Dadaab Kenya: Porridge + Classroom = Girls' Education


“I like empowering girls with education”, Daud says enthusiastically while standing in the middle of a narrow alley that leads from the school courtyard to a small place behind the principal’s office. We are at Juba primary school in Dagahaley, one of the five refugee camps in the Kenyan town of Dadaab which lends its name to the biggest settlement for refugees in the world. 

The Dadaab camps were set up in 1991 when the outbreak of civil war in neighboring Somalia lead to a sudden and large influx of refugees into neighboring Kenya. The camps were initially planned for 90,000 people, but this temporary solution has turned into a permanent abode for hundreds of thousands. Babies are born in Dadaab, marriages are celebrated, losses are mourned in the camps that do not feature on any map. Today, 23 years later, Dadaab hosts close to 370,000 refugees, the majority of them from Somalia. There are also small groups from Sudan, Ethiopia and Uganda, countries which have seen conflict at one point, forcing families to flee across the border. CARE has been working in Dadaab since 1992, providing food and water as well as education and community development support.

Back to Juba primary school: It is mid-morning break time for the girls and the air is buzzing with chatter and excitement. Dozens of girls wearing a hijab in matching colors as their school uniform queue in the narrow place behind the principal’s office and receive one bright red plastic cup each. With this in hand, they make their way to a big bowl of porridge. It is one cup a girl, every school day for break, meticulously poured by a female teacher who also tries to re-establish some order. The excitement of course mainly stems from the fact that today there is not just lunch, but also a visitor with a photo camera. Girls laugh and then shy away; a few courageous ones step forward and ask for the visitor’s name. It is rare to see foreigners here in Dadaab and like everywhere around the world, a distraction from the school routine is more than welcomed by the girls. 

The porridge is provided by the World Food Program and consists of a corn-soya blend plus sugar, vegetable oil and dried skimmed milk. This composition ensures an intake of 440 kilocalories per child per day and is easy to prepare for the kitchen staff who heat up the mixture with water. “We’ve seen the attendance of girls being raised by the meals, that is for sure”, says Daud, who works as a school meals monitor for CARE. Currently, Juba primary school teaches around 1,050 boys and 770 girls. “Parents don’t necessarily see the need to send their girls to school. But receiving a meal is a good incentive.”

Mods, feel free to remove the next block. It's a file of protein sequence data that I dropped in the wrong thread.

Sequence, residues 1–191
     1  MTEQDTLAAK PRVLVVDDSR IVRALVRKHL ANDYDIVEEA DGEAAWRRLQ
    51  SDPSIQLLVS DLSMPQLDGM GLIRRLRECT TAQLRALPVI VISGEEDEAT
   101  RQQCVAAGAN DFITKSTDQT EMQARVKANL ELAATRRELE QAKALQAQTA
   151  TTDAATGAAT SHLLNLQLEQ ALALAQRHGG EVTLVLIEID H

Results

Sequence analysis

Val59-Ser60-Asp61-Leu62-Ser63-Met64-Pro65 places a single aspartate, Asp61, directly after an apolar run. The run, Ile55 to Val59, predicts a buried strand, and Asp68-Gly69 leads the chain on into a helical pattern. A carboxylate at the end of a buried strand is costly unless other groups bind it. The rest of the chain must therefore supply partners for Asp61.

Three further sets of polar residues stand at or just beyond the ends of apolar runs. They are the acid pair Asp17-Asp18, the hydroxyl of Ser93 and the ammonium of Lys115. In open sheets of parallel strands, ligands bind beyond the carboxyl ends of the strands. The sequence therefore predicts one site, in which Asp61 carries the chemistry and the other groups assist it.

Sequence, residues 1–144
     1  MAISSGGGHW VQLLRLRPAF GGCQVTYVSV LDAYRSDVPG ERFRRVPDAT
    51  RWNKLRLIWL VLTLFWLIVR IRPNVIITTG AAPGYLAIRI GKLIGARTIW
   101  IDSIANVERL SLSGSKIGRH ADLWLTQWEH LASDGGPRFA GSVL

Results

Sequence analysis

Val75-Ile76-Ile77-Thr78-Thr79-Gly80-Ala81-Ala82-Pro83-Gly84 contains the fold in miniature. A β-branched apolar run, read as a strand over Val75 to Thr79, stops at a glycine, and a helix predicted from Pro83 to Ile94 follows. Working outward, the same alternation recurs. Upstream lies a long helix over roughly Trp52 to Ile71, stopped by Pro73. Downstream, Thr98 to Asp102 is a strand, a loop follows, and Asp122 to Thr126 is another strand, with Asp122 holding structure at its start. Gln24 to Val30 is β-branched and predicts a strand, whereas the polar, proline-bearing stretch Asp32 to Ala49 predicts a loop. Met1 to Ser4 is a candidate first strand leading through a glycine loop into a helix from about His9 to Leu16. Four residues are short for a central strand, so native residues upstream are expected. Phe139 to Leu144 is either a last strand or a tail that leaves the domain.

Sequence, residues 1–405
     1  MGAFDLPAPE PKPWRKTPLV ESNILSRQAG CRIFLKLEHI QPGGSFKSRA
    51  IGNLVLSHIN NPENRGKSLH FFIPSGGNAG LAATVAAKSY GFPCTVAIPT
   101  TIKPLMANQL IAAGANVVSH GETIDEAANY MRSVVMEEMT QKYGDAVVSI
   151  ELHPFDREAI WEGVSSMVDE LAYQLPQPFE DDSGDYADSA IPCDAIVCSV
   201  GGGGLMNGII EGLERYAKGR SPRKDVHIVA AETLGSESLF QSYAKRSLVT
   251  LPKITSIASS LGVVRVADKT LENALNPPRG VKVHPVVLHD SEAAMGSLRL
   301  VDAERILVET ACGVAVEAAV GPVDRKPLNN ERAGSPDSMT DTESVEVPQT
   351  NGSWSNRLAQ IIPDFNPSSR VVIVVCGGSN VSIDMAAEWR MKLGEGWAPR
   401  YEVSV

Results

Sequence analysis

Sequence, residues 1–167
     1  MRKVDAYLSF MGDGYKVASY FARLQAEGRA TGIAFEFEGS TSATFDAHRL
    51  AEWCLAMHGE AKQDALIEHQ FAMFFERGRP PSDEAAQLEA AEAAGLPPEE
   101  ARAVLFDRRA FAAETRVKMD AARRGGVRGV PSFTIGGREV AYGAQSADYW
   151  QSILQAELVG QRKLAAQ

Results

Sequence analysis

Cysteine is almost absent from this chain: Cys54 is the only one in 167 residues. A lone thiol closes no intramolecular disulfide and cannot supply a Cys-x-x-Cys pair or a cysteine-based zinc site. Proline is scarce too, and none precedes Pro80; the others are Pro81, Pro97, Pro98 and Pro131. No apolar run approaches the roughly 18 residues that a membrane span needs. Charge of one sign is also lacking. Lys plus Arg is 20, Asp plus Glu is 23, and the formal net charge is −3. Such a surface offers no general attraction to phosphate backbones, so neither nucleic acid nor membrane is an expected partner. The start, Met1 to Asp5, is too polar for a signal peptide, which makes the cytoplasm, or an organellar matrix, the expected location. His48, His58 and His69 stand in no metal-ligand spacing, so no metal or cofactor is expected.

Daud Abdi Shire is 31 years old and has lived in Dadaab since 1992. He himself has gone through the CARE education system in Dadaab. After finishing his secondary education, he switched places in the classroom: “I’ve worked as a teacher for six years and sometimes I still teach today when there are gaps, especially in math and science. But I really enjoy working for the school feeding program. It is such a blessing for the girls.” And where does he see his own future? “I want to go to a safe place to continue my life there”, he replies without hesitation. As much as Dadaab has become Daud’s home, as much as he is committed to work and invest in its children here, this harsh place will always remain a temporary solution. “This is not a good environment.”

By now, break time is over and the female teacher herds the giggling group of girls back to their classrooms. With their stomach filled and the visitors gone, they will surely be able to concentrate on their lesson now. It is pretty simple math: take a cup of porridge and a classroom and see the number of girls attending school rise. And see them shine, amidst all the hardship that comes with growing up in a refugee camp.

by Sabine Wilke


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